Formula E, the electric version of Formula One, is only in its fourth season but as the coastal resort city of Punta Del Este in Uraguay gears up for the sixth race of 12 globally on Saturday, this nascent sport is quickly attracting a growing following worldwide among fans and sponsors.
“Formula E is approaching the field of motorsport totally differently. The races are in big city centres and they do a lot with social media and are attracting a different audience,” says Tristan Summerscale, project manager for Formula E at Audi.
From leading manufacturers such as Audi and Jaguar to top brands such as Hugo Boss and TAG Heuer, Formula E is quickly proving transformative.
Part of the reason is the increasing amount of positive buzz around the sport was highlighted in the recent SportsIndex Annual Buzz report.
Produced by SMG Insight and YouGov, the report measures positive sentiment in 60 sports in the United Kingdom by monitoring consumer feedback for two weeks around a major sports event.
With Silverstone – the host for the British F1 Grand Prix – activating its break clause, interest about that event fell to a five-year low but surged for Formula E, which was among the 10 highest movers in the 2018 report, which covered the sports’ third series.
“The fact that it was competitive was a big part but there’s also the interactiveness. Hopefully Formula E can build on this success this season,” says Lance Fraenkel, vice president and head of sports data products at SMG.
Interactive elements include the “fan-boost”, which gives the three drivers rated the most popular on social media a temporary boost in power in each ePrix race.
SMG Insight also cited the arrival of Jaguar on the Formula E starting grid in the 2016/17 series as a major factor in helping increase “positive chatter” around the sport.
All the major car manufacturers are slowly getting involved in Formula E with Nissan joining the circuit for the next series, which starts in December. Mercedes-Benz and Porsche enter in the 2019/20 season.
“Formula E was linked to the launch of the new All-Electric Jaguar I-PACE and the company’s future electrification strategy,” says James Barclay, team director at Panasonic Jaguar Racing.
“From 2020, all future Jaguar Land Rover model lines will be available with some form of electrification. As part of our Race to Innovate mission, we saw the opportunity in joining Formula E to take learnings and knowledge of battery electric vehicles from on-track activity and directly apply them to the development of our road vehicles, including the Jaguar I-PACE.
“The decision to join the series has since been vindicated with other premium manufacturers following suit and joining in season five.”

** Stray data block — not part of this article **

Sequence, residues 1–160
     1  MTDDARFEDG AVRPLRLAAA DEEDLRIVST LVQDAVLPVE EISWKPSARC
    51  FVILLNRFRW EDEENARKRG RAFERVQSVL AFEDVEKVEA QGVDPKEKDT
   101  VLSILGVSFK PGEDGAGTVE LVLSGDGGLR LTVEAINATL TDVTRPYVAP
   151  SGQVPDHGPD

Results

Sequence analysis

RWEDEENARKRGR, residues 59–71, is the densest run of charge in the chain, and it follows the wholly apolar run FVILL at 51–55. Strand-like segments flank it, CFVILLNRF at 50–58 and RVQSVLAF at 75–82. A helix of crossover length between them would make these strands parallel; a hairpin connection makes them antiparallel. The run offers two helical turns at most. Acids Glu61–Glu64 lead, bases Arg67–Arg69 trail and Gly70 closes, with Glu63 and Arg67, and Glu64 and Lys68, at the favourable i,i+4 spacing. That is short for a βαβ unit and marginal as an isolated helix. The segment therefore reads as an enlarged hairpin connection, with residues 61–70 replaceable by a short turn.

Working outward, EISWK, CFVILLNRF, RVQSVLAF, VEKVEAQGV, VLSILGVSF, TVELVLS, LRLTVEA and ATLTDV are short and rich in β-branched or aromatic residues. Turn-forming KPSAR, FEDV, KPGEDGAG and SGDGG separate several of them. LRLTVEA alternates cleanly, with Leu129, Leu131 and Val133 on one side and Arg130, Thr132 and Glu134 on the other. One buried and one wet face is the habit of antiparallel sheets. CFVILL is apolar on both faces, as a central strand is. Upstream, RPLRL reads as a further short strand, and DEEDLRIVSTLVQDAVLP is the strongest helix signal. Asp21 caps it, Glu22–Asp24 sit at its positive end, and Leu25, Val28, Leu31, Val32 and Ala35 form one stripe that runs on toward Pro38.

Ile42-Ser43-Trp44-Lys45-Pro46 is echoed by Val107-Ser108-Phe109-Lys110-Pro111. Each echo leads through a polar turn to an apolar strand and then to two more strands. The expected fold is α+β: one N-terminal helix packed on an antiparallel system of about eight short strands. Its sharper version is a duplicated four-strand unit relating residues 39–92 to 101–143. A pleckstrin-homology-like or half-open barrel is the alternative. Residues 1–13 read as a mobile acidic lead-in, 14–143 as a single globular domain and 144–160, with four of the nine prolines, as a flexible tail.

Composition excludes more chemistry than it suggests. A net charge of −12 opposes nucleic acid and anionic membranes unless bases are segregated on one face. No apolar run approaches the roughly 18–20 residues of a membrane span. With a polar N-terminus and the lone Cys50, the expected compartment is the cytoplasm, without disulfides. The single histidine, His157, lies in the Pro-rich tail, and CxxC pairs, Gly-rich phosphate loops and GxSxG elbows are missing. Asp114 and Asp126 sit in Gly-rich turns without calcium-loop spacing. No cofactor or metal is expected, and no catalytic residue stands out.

At the end of this year, Audi will launch its first mass production electric car, the e-tron. The German car maker, which has around 250 people at its motorsport division, was already involved with the ABT Sportline team but for this season took ABT’s place on the grid.
Audi now has 20 people dedicated to Formula E alone and a valuable collaboration with hi-tech parts supplier Schaeffler.
“There are other manufacturers getting involved to promote electrification and transfer the technology from the race track to production and it was a good marketing opportunity,” says Mr Summerscale.
“The whole concept of driving has changed and it’s about being a mobility provider. That’s the new concept.”
Taking part in Formula E is a natural progression for car makers looking to electrify their models, which in turn boosts the sport’s profile.
“The big-name car manufacturers are a big asset to the overall value of the series. It needs the credibility they bring,” says Richard Gillis, managing partner of Cake, a unit under the Havas sport and entertainment agency umbrella.
“They help tell the story that Formula E is a testing ground for the future of the car. If Formula E normalises the electric car for a mass audience, then it will be money well spent for the manufacturers.”
In a report titled FIA Formula E Championship Valuation and Sustainabilty, EY argues: “Formula E will help breakdown the current barriers preventing the expansion of the EV market contributing to the additional sale of up to 77 million electric vehicles worldwide by 2040.”
In addition, EY says collaboration between Formula E, motor manufacturers and broadcasters could result in an extra €142 million (Dh647.2m) of profits generated in the car industry and 42,000 permanent jobs created in the sector worldwide. It could also lead to savings in healthcare costs and increased productivity from pollution reduction amounting to €25 billion.
Another reason for major car manufacturers to get involved is that the series is targeting a different audience to F1.
The decision to allow the races into the centre of cities such as Marrakesh in Morocco provides a unique appeal. “The role of cities is a big advantage to Formula E over F1,” says Mr Gillis. “Cities are where younger people live and where cultural relevance happens. It’s where the zeitgeist is.”
The increase in car sales, as well as the presence of Formula E in host cities, will lead to tangible local and global economic, social and environmental benefits, EY says, with each host city’s economy benefiting by €10m for each Formula E race held.
In its recent Commercial trends in Motor Sports report, the market researcher Nielsen argues that Formula E uses social media far better than traditional race promoters, which – combined with the city centre locations – is also attractive to sponsors.